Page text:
The sun shines brightly, through a lens of frigid arctic air, but the wind cuts like a razor and going out to do chores is, at best, a chore. Numbers on thermometers tell incomplete tales, unfeeling statements of fact, and over the years I have developed my own crude methodology to quantify cold. Completely unscientific and more than a bit subjective, it involves such things as the speed at which boogers freeze and the distance I can travel across the dooryard before I find myself doubled over and cussing. Based on those measurements, the cold this week qualifies as “pretty darn freakin’.”


It’s also darn freakin’ pretty.


After six days of hiding indoors, there’s an urge to go out, not so much to embrace the season as to defy it, so when the full moon comes up the armor goes on for a trek in the moonlight. Among popping trees and over thumping ice, coyotes howl and wind-blown snow sparkles like diamonds but after a couple of hours of that nonsense, there’s a serious urge to go in and embrace the stove.

The mixed flock of chickadees, nuthatches, and redpolls have been working the feeders through the cold. The seed they knock to the ground feeds mice and voles, which a pair of coyotes has discovered, but most other creatures in the neighborhood spent the week curled up in a hole, trying to stay warm, just like me.

Just like me, they’re also ready to get out again and this morning I saw a fox trotting down the road, looking ahead for a meal while also looking back, aware that it could just as easily become someone else’s meal. Everyone is hungry out there, after a deep snap like this, and the search for food goes on for as long as it takes. The fox risks death, taking what the coyotes consider theirs, and night creatures will work all day if that’s what it takes to survive.


With coffee in hand, I sat in my blind (which is cleverly disguised as a house) and watched a flying squirrel this morning, a rare treat. Both shy and nocturnal, I can count the flying squirrels I’ve seen on two fingers. Continue reading

Categories: nature, Vermont, Winter | Tags: , , , , , , , , | 9 Comments

A January Thing

Every fall I make noise about attending one of the big fly fishing shows over the winter, but by the time I feel ready to deal with a couple thousand anglers, all at once, the shows are over and done. The closest show to Fish in a Barrel Pond is in Marlborough, MA, this weekend, and quite frankly it’s just too soon. You all go ahead with your eager anticipation of the season to come, but some of us are still recovering from the last one. Opening Day will be here soon enough. In the meantime, we’ll enjoy the peace and quiet.


Continue reading

Categories: +Uncategorized | Tags: , , , , , , , | 13 Comments

The Lazy Naturalist

My recent post, The Cry of the Sapsucker, consisted mainly of photos taken while drinking coffee in my blind, which is cleverly diguised as a house. Mike, who keeps the blog Mike’s Gone Fishin’…Again, commented that he, too, has a blind cleverly disguised as a house. Click that link. You’ll see that Mike does a lot more than take pictures out the window. The link to Mike’s Gone Fishin’…Again is a keeper.

Another friend, who lives in New Hampshire, almost all the way to Maine, sent a series of photos taken from his house of a bobcat he saw the other day.

New Hampshire Bobcat

It’s always a treat to look out the window and see something like that, and it’s great that the internet makes it so easy to share the things we see. I know it is appreciated by others because they leave comments, like the one on my post The Cry of the Sapsuckercalling it some “lazy-ass nature reporting”.

That comment came from Marc Fauvet, who keeps the blog the limp cobra (because fly lines are like wild snakes that need to be tamed …). Marc lives in Sweden, but that’s okay. His blog is beautiful, and a lot of fun. His “lazy-ass” nature reporting comment got me to thinking and, you know, Marc might be right. Maybe my pictures of a bluejay being disemboweled on the lawn were kind of lazy-ass.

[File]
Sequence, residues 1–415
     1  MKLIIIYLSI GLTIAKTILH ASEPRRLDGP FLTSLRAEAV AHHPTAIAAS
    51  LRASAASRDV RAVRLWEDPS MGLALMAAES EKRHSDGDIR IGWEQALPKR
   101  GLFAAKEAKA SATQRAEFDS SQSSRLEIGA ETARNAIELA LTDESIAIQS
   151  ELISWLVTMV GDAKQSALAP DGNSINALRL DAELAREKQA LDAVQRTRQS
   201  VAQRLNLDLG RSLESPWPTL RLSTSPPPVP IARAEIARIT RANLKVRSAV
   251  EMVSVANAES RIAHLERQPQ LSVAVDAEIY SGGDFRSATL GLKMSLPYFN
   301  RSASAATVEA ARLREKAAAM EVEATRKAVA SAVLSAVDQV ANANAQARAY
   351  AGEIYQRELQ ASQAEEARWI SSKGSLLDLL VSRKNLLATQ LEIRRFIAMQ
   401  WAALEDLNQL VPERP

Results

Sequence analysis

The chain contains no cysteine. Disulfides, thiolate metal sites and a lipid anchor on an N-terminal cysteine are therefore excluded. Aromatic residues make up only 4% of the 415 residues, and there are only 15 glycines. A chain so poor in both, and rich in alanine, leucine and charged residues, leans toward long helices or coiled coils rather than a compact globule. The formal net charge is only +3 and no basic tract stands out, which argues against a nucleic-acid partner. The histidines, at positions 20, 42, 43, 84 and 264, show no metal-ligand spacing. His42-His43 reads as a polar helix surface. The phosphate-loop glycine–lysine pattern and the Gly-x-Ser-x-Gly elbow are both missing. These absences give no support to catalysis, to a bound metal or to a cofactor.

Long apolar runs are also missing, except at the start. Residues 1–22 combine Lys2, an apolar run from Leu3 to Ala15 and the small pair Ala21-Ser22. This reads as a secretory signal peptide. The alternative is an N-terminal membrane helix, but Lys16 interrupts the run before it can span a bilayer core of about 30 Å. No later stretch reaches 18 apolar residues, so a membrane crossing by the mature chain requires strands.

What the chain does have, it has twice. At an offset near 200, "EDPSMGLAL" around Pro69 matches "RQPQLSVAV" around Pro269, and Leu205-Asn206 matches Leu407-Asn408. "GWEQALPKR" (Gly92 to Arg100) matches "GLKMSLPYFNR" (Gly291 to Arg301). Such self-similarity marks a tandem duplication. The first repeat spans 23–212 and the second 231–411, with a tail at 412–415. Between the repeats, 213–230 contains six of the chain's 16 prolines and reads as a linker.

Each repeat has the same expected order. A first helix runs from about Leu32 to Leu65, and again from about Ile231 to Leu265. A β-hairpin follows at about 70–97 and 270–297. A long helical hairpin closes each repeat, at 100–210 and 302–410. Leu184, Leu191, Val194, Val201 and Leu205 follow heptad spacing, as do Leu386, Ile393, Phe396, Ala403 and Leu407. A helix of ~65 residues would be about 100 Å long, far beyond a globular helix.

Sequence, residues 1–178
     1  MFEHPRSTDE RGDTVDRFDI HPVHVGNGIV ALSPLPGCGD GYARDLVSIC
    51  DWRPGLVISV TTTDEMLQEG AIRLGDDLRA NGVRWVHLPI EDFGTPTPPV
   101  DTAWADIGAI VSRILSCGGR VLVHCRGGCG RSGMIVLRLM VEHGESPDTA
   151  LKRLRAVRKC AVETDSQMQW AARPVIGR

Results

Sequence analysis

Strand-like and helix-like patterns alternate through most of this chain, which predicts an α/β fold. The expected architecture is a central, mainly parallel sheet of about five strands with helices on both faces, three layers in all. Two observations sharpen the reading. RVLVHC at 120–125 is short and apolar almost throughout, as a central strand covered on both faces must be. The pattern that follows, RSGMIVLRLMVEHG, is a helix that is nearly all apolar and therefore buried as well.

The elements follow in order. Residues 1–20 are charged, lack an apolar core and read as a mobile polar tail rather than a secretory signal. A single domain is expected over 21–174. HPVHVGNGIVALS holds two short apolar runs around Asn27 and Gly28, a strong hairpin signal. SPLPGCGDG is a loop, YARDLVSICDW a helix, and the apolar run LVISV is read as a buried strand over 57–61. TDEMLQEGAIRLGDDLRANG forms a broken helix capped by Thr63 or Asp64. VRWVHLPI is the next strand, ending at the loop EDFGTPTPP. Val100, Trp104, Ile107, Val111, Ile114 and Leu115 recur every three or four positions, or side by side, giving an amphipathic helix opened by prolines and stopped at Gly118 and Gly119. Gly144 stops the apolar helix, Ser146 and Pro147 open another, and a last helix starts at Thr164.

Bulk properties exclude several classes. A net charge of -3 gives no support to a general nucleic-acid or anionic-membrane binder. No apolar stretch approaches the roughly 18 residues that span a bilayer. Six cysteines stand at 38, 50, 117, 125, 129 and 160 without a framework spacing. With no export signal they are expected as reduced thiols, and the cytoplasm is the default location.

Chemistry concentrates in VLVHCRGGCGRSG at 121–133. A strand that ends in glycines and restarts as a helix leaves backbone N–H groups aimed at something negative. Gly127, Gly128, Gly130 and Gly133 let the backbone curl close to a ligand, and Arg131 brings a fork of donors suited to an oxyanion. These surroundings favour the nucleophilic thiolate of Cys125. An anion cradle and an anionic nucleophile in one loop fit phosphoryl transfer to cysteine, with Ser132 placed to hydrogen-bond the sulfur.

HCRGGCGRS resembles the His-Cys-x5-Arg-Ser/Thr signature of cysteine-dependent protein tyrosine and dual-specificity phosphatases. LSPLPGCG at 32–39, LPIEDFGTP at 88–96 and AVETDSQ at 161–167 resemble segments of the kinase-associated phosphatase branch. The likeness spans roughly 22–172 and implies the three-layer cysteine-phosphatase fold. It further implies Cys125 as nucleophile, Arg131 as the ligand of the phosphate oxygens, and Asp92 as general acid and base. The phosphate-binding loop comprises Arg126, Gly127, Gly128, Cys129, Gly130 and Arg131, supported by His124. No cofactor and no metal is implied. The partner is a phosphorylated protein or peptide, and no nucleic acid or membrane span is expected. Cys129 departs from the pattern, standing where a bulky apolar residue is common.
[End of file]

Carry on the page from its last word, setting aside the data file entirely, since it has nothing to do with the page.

Well, “kind of” ain’t good enough. We’re taking lazy-ass nature reporting to the next level by bringing you the first set of photos from our brand new concept, “Pictures Taken While I Slept”.

Continue reading

Categories: nature | Tags: , , , , , , , , , , , | 12 Comments

A Story of Life and Death, Written in Snow (19 Photos)

(Important Disclaimer: There are places where ice forms many feet thick and travel on frozen lakes is perfectly safe for a good part of the season. In other places, especially during a winter like this one, ice conditions can change from day to day, even hour to hour.

The strengthening sun creates soft spots as melt water collects in the dips between expansion cracks, and a route that was safe in the morning merits a second look after lunch. Faint tracks mark yesterday’s trail, which puddled up and froze over last night, leaving a thin veneer over a foot of nothing but slush and at least a bracing dunk.

If asked, Quill Gordon will tell you no ice is safe, but if you do find yourself crossing a frozen lake, check ice thickness often and be aware of changing conditions.)


An overnight skiff of snow on the ice is like a clean slate. Any tracks or other signs of activity I see are recent, laid down only hours before my morning rounds. Otters, mink and squirrels are common, and I saw the tracks of a fisher cat last week but, far and away, the most common tracks I come across are those of coyotes.

It’s the time for pairing off and denning up, asserting dominance and proving worth, and the coyotes have been plenty active. Most are travelling in pairs, but a big, lone male has also been out and about.

Continue reading

Categories: nature, Rural Life, Vermont, Winter | Tags: , , , , , , , , , , , , | 21 Comments

They Call Me Mr. Sandy Pants

After a week that consisted largely of time spent lugging sand bags as cold winter water took an unauthorized route downhill, it was nice this afternoon to sit on a rock and watch the water go where it was supposed to.

With a little telephoto action, the area below the spillway of Fish in a Barrel Pond is what you might call a picture-rich environment. Continue reading

Categories: nature, Vermont, Winter | Tags: , , , , , , | 7 Comments

Blog at The Adventure Journal Theme.


Get every new post delivered to your Inbox.

Join 257 other followers